Yeshayahu (Kostia) Nir

* 1930  

  • “I was the only child and when I asked my parents why I didn’t have any siblings, they told me that there was a hostile attitude against Jews in Germany with a very dangerous dictator, and that only after this man would had died, I could have a sister or a brother. I remember that none of my friends had younger brothers or sisters, just older ones. It was very rare to see a Jewish family risking pregnancy, because everyone was afraid.”

  • “There was a big rain. We went through the village of Ďurčiná. Suddenly, through the window of one house in that village I saw the officer, who threw me out of the mobilization office [of partisan’s, note ed.]. However, he wasn’t wearing the uniform anymore; he was looking just like any other farmer. We went on. We ran away to the mountains. I thought a lot about the whole meaning of the uprising; how fast could the uprising stop to work. I was very disappointed. Although, I also thought about the difference between Slovaks – partisans and Jews – partisans. The Jews couldn’t leave home whenever they decided the uprising was no more good for them. The Slovaks could have done that. They had some place to go. Back then I wasn’t quite aware of that, but after few years I realized it was the difference between the nation having own land, where its people live and the nation without own land.”

  • “It happened yet before the allies disembarked in France, that I saw in Jewish elementary school two people I didn’t know. They were dressed like Jews from Žilina. I heard from members of the Ha-Šomer ha-ca’ir organization that those were the people who ran away from Poland, from the concentration camps. Later I found out their names, which are world-famous today, Vrba and Wetzler. I knew they were informing the movement about horrible things, but I didn’t know the details. Several days later my father told me that up in north, not far from the borders with Poland, there was a concentration camp, where thousands of Jews were killed every day.”

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    Tel Aviv, Izrael, 23.11.2017

    (audio)
    duration: 01:43:37
    media recorded in project Stories of the 20th century
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After the war I had only one thing on my mind: the Jews must have their own state and army

Portrait
Portrait
photo: Pri natáčaní ED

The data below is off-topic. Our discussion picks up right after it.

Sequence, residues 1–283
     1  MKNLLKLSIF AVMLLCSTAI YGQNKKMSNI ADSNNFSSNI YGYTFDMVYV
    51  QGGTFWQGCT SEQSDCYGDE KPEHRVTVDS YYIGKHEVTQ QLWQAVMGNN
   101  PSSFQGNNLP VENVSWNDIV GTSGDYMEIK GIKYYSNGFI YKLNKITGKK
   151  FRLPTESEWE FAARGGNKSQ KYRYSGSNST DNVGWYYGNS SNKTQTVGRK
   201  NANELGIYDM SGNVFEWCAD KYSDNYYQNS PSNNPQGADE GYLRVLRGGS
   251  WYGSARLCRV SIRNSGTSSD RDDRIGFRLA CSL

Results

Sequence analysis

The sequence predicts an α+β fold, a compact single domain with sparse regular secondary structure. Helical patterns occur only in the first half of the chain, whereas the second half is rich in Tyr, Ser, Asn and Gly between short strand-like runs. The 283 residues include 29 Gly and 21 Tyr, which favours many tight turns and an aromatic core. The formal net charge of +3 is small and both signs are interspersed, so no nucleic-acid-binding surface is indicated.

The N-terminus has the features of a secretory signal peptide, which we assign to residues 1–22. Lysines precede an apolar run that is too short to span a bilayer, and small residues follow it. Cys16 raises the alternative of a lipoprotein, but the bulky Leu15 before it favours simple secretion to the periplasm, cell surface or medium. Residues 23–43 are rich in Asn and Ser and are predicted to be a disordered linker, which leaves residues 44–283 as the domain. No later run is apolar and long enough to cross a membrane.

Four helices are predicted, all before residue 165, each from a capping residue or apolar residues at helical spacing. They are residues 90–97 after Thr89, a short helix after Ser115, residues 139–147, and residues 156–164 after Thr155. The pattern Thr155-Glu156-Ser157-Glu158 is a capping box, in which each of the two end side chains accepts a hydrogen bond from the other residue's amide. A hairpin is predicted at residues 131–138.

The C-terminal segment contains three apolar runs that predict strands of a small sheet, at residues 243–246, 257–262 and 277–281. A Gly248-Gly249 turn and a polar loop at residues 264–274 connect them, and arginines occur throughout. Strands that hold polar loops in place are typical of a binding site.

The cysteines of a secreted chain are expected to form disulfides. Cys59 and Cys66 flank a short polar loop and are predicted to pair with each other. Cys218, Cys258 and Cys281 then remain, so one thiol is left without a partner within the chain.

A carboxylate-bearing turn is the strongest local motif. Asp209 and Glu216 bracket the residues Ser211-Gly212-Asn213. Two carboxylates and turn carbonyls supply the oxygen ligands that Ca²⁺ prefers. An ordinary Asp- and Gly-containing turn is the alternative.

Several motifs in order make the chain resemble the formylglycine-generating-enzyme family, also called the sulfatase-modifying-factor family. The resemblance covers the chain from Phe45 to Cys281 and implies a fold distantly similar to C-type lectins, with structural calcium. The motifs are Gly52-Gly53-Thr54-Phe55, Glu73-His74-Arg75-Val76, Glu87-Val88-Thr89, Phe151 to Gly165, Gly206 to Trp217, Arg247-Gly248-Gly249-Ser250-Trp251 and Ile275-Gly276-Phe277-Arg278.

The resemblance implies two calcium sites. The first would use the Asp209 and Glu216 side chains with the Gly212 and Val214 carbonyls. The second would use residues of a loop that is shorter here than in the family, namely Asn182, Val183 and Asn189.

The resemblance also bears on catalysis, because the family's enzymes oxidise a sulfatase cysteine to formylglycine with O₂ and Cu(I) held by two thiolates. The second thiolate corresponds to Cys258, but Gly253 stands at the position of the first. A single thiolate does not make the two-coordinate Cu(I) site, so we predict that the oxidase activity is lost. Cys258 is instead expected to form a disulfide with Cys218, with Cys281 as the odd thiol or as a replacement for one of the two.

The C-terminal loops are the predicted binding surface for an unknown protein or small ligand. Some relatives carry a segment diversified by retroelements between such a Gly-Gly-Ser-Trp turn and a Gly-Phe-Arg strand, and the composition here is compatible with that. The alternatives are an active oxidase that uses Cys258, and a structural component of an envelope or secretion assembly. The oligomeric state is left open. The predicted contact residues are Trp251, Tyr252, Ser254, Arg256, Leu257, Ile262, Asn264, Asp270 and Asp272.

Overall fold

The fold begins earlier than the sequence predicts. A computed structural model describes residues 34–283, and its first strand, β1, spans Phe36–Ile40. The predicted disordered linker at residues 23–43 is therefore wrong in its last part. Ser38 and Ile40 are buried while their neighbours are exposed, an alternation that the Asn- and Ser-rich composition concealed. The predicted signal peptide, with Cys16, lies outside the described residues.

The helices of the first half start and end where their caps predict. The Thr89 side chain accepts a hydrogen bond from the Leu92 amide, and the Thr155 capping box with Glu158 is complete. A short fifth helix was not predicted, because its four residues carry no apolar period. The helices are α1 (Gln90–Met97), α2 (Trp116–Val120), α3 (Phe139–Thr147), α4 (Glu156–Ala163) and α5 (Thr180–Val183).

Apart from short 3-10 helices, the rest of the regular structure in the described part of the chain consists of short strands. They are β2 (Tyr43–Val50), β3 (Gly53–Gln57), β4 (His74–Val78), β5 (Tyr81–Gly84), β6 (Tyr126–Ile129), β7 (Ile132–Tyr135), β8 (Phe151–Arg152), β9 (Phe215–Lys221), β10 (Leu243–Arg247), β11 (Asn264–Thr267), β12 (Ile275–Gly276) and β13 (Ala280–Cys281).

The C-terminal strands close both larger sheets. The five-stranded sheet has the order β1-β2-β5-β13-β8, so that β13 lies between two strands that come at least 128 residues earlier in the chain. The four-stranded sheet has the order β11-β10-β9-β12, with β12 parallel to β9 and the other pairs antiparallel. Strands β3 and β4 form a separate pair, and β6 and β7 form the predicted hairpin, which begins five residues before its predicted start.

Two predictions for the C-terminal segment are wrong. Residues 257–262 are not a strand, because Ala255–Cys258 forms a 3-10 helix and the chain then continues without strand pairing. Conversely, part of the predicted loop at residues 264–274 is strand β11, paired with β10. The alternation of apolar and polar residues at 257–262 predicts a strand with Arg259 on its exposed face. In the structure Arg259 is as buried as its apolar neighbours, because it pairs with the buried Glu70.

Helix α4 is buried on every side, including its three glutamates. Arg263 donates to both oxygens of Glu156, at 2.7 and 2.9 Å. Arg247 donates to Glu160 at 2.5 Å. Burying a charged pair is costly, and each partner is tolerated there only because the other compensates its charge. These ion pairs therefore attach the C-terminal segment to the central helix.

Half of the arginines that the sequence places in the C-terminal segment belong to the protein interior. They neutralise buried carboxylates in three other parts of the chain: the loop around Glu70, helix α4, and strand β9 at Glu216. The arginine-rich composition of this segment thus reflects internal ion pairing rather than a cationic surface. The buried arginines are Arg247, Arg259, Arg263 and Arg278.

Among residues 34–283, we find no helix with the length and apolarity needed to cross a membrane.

Konštantín Nürnberg, in Hebrew Yeshayahu, was born in 1930 into a Žilina Jewish family as the only child of his parents. Everyone mostly called him “Kostia”. When he was young, he attended the Jewish elementary school and he also had many classmates of non-Jewish origin. However, after passing of the anti-Jewish laws, he personally encountered the takeover of fascist ideology in his surroundings. People were chanting anti-Semitic slogans in front of the church, Christian boys were throwing stones into him and his Jewish friends. There were further similar manifestations during this era. The Nürnberg family managed to avoid the first wave of deportations in 1942 also thanks to good connections they had with non-Jews. Year 1943 was relatively calm for the family; Konštantín got involved in cultural-educational activities of Zionist underground movement. Unfortunately, when in 1944 the question of transports arose again, his family was endangered. For several days they managed to run away thanks to warning of someone from the Christian community, but at last they were detained by Germans due to betrayal of farmers who were selling food to this fleeing family. In the fall 1944 they ended up in the Auschwitz-Birkenau concentration camp, where was Kostia and his father separated from his mom. This was the last time he saw her. They spent in Auschwitz few days and afterwards they were moved to the camp in Niederorschel, where they stayed in relative safety app. half a year. In 1945 when the front was approaching, they were evacuated to the camp Buchenwald. Two days later they waited to see the liberation there. His father died due to illness, so Konštantín had to return home alone. After the war he studied at the Secondary School of Agriculture in Nitra and with the gained skills he left to former Palestine, to begin with founding the young State of Israel. There he founded the first kibbutz and it members were mostly of Slovak origin. Later he made a short film about the extent of knowledge the Vatican representatives and Slovak politicians had about the holocaust. After the Velvet Revolution, he returned to Slovakia for short time, but until today he has still lived in Israel.